Denis Villeneuve makes movies with layers. Like his previous films ’Incendies’, ‘Prisoners’ and ‘Sicario’, Villeneuve manages to combine depth with action in a way that never lets you go nor speeds the plot to its conclusion. In this respect ’Arrival’ is another welcome addition to his burgeoning collection of well thought-out dramas.

In ‘Arrival’s’ opening scenes, we discover that twelve mysterious space craft have suddenly arrived in concert around the world. Silent and motionless, their presence alone invokes a fear and paranoia that must be contained by understanding. In to this uncertainty the US army recruits Amy Adams’s character Louise Banks. As a renowned linguistics professor, it will be her job to try and communicate with earth’s new visitors.

’Arrival’ takes itself very seriously. There are no bug-eyed monsters or ray guns here.

Echoing the tone of Christopher Nolan’s ‘Interstellar’, ‘Arrival’ takes itself very seriously. There are no bug-eyed monsters or ray guns here. ‘Arrival’ is a sober, adult drama about what would realistically happen in a first contact situation. In this respect ‘Arrival’ plays like a drama not a science fiction movie. Its characters are wholly grounded in their skill sets and responsibilities, and yet Villeneuve manages to shine a light on their inner feelings as they try to discover those of their arrivals.

‘Arrrival’ manages to do that impossible feat of maintaining credibility throughout and it does it so in its use of sound and scale. By using toned-down visuals it manages to convey the enormity of the moment whilst not becoming overblown or operatic. And when Jóhann Jóhannsson’s score and soundtrack arrives, it gives voice to the voiceless in amazing mixture of bass frequencies and harmonics. By working in concert with ‘Arrival’s’ deft script and dialogue, each facet mirrors each other by blending information and humour into a highly satisfying, cinematic whole.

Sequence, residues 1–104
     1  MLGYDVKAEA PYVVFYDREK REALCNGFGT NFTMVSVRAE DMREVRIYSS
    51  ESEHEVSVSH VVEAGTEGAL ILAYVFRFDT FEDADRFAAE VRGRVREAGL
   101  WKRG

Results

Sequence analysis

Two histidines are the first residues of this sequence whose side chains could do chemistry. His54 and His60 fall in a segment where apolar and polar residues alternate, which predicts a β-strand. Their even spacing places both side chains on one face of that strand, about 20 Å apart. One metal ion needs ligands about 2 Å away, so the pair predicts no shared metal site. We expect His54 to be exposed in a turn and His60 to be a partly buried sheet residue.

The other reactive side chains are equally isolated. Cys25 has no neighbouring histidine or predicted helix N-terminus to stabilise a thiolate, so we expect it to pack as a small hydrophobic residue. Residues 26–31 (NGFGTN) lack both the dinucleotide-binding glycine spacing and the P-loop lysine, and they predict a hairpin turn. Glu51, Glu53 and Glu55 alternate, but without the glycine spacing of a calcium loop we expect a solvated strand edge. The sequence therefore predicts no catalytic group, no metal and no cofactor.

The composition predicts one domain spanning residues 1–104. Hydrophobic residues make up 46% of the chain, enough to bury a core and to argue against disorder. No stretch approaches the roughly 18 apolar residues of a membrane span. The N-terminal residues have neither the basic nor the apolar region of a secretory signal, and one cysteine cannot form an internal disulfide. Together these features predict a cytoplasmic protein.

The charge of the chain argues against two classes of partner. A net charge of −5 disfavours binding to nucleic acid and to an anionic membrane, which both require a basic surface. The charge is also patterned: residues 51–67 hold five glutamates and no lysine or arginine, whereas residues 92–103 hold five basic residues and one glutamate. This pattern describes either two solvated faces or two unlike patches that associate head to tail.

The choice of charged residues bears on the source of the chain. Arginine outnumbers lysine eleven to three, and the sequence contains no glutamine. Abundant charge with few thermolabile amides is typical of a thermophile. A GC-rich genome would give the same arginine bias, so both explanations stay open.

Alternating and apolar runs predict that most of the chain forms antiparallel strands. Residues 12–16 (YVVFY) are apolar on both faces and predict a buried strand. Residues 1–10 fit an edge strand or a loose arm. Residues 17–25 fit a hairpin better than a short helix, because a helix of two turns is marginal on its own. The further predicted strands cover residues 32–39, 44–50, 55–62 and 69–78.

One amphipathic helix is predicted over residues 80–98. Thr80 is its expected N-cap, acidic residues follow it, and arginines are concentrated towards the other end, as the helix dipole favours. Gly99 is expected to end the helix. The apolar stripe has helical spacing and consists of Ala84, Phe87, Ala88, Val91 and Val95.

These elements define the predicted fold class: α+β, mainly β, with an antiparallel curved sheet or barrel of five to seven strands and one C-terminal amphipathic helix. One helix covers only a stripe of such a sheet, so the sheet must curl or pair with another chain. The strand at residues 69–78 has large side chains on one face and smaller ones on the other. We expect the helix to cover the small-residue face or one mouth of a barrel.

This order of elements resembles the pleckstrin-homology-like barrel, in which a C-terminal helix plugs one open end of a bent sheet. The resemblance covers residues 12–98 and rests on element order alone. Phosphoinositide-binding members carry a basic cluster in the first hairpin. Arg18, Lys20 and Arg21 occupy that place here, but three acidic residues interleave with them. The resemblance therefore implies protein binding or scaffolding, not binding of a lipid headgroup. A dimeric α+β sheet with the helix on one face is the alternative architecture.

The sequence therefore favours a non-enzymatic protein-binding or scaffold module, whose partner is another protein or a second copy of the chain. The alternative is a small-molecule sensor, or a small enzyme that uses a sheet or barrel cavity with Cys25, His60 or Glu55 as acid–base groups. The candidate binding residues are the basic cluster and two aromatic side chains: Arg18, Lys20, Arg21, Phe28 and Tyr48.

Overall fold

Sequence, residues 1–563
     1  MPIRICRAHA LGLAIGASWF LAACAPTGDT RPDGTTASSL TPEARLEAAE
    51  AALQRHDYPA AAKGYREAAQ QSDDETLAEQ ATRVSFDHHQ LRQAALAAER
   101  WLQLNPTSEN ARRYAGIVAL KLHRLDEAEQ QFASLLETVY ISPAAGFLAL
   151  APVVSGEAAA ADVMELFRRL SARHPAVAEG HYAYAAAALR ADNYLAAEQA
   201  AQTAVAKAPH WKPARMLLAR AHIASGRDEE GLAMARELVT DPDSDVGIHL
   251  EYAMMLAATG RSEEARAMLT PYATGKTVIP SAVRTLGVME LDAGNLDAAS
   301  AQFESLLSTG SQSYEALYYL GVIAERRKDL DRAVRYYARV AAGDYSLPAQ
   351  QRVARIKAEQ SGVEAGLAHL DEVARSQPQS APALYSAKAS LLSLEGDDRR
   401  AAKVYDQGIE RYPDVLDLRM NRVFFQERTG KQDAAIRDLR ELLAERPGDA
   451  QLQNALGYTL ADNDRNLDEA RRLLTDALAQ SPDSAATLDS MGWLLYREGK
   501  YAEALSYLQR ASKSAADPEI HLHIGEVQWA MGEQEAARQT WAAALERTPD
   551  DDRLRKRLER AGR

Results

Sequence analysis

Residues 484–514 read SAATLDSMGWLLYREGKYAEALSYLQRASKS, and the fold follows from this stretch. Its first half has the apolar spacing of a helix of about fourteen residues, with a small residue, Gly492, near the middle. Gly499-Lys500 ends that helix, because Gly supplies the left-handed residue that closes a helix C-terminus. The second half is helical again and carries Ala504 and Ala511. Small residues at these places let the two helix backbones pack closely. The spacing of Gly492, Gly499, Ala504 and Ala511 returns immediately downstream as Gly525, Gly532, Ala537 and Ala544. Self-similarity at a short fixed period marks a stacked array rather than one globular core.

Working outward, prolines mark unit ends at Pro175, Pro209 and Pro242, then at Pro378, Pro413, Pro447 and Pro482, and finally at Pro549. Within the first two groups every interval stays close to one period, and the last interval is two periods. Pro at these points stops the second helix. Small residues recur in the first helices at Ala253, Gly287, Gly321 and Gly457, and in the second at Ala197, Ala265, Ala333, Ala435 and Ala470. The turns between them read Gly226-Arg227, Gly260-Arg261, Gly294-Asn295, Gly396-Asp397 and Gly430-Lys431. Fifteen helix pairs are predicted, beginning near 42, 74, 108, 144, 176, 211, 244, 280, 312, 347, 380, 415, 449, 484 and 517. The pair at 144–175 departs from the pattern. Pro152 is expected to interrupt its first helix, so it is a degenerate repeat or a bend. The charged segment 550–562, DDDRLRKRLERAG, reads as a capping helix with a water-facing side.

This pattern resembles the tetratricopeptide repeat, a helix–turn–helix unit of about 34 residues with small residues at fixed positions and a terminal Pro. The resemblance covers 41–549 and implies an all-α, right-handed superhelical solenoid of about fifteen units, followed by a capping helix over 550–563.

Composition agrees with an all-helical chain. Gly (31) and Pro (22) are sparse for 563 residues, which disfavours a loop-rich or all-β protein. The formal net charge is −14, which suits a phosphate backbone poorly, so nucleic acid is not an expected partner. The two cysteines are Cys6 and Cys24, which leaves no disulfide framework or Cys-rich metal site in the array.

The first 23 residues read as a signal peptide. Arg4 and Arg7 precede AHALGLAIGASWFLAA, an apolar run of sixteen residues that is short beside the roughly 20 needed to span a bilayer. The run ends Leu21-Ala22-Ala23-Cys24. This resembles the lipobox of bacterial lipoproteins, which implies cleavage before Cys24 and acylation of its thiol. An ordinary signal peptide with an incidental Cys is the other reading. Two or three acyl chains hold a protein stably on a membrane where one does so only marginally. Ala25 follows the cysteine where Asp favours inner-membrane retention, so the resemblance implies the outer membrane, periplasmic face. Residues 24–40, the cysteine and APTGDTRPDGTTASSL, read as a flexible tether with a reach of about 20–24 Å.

Joining Amy Adams in ‘Arrival’, both Jeremy Renner and Forest Whitaker are superb in their supporting roles. By never overshadowing the personal drama of its characters, ‘Arrival’ has as much to say about politics as it does space travel – but it does so quietly. Like the recent the films of Terence Malick, ‘Arrival’ is as concerned about its characters’ inner journeys as it is their outer ones and it manages to convey this with a rare lightness of touch which feeds its credibility from start to finish.

In the end ’Arrival’ is that rarest of visitors. It’s a movie that comes without any real warning and yet leaves you breathless. Having stood up to repeated viewings, it’s safe to say that ‘Arrival’s’ scale and layered secrets will reward you more each time you watch it.

Mark Esper


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